Tuesday came along and I found that the story was indeed the top story of the day. I had a full day ahead of me: drive up the East Coast on I-95 while dealing with the fallout that this type of story creates. It turned out to be quite interesting. I spent all of the state of New Jersey talking with various people with my Bluetooth headset, stopping frequently (because I WILL NOT text and drive) to send emails and texts and doing and to do interview about the story for WGBH Boston that later aired on NPR “All Things Considered.” I had another radio interview request that I turned down because the logistics of getting back to Boston and into their studio proved to be problematic. I finally got back, exhausted and hungry and went straight to sleep. All in all, it was a whirlwind.
That was Tuesday.
Wednesday and Thursday were different. I am currently an unemployed journalist and I have been hitting the job search hard. Yet, it does not seem like anyone is out there and paying attention. The odd thing about trying to find a job in this day and age is that most of it is done online. That means I send out a few resumes and applications a day and hope that there is someone on the other end listening and hope they like what they see. For the most part it is a rarity to hear back from these people. Usually not even a “we got your resume” automated response. Perhaps I am doing something wrong, but I do not think I am flubbing the process so egregiously that no body even sees what I send them. It is just the way it is.
So, each day that passes I run out of a little bit more of cash and watch my Blackberry for calls and emails. Each day that passes I feel like I am getting a little bit lower in the world, a little bit . . . less. It was great to be the center of the media world on Tuesday, yet, on Wednesday, that was yesterday’s news. Literally.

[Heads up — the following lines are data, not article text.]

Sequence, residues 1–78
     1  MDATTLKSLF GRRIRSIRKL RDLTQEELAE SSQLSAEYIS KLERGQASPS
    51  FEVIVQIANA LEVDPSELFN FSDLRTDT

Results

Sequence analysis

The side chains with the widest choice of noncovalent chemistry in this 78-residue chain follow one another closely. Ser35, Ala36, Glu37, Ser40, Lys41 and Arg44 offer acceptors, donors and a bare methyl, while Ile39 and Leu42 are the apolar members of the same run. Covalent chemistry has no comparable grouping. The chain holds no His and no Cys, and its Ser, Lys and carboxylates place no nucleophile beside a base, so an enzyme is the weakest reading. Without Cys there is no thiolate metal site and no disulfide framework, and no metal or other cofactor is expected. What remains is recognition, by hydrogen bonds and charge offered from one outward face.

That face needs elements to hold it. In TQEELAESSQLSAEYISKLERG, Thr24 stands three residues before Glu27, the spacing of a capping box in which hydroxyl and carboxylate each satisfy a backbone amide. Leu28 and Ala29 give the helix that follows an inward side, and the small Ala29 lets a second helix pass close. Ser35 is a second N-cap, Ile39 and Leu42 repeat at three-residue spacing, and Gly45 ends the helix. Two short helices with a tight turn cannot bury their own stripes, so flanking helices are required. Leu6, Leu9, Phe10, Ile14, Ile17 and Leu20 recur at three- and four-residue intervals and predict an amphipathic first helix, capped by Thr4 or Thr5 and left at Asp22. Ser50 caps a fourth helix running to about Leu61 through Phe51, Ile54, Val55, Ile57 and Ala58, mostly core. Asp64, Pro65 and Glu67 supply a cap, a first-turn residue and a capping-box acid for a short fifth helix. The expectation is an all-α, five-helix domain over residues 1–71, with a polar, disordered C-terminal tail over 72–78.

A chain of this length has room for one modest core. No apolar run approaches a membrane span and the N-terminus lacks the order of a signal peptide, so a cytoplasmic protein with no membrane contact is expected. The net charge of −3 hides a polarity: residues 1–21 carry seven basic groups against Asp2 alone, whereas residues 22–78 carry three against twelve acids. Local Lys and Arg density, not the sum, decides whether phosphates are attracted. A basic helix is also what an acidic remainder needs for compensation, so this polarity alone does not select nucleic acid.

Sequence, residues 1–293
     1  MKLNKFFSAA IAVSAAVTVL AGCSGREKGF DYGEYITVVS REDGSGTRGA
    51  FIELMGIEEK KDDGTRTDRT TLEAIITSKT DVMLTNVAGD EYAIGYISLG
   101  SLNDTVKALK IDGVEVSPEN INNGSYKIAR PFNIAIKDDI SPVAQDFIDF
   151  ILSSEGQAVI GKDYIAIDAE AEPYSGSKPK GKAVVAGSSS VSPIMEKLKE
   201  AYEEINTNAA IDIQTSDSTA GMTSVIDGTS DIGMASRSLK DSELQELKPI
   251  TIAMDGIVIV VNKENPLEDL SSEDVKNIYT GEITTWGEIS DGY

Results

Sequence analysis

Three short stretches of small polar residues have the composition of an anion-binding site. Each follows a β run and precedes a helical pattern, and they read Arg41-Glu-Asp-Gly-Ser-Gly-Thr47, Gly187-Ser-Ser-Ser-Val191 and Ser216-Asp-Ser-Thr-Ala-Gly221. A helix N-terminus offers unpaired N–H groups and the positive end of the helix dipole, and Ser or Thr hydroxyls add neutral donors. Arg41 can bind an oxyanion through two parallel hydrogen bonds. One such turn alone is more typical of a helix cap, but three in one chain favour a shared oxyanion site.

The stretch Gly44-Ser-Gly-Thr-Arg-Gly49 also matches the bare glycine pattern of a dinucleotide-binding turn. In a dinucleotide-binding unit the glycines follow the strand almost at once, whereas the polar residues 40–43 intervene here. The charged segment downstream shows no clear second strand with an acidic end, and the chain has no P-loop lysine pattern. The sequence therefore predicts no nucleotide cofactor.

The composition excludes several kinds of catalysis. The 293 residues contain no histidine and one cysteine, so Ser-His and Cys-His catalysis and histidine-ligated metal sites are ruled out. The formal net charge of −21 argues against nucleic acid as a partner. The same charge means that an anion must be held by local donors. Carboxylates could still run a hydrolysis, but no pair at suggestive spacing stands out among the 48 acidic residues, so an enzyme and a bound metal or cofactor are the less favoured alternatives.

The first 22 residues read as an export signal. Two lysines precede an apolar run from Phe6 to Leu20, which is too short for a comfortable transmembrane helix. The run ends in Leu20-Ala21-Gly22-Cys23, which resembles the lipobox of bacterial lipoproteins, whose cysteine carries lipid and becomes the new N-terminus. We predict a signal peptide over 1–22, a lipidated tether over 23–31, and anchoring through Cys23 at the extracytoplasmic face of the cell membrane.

It is not like I have not played this game before. Bored and broke, watching the bank account dwindle and figuring how to eat cheap. I mean, I am good at it, so much so that I am going to write a book called The Starving Bachelor (which my mother believes will be a river of money). Yet, this time it is different. I feel like I have done everything right – worked my ass off, have the talent to do whatever is put in front of me and kick its ass. The approach got me through 12 years in the culinary industry and two degrees. The problem now is that there are no more degrees to get, I have let the culinary world fall into my past and am focused on getting a job as a sports reporter (any reporter really, but sports is what I do). It is easy to feel sorry for yourself at these moments and for a solid 36 hours I felt like curling up into a ball and hiding. My car was towed on Thursday, sapping basically all my cash and there still no word on any job, anywhere.
I had a long conversation with my mother last night and she, as she usually does, listed the litany of things I need to do. It is not the “get a job” speech that uptight fathers give their deadbeat sons but rather a specific list of things that I need to do to more or less stay sane. The problem with this is that I have heard it all from her before. Yes, I understand and respect my mother for it but really, it is getting kind of old. Last night I read myself to sleep before 11:00.
This morning was different. I woke up and things did not seem so bad. I threw out a couple of more applications and waited till mid-morning for when Olney’s blog was posted. The lead topic was nothing ground breaking, just solid opinion on Adam LaRoche to the Diamondbacks and Jose Valverde to the Tigers. But there it was, right at the end.
Today will be better than yesterday.
I think it will be Buster. And tomorrow will be better than today.
And so it goes.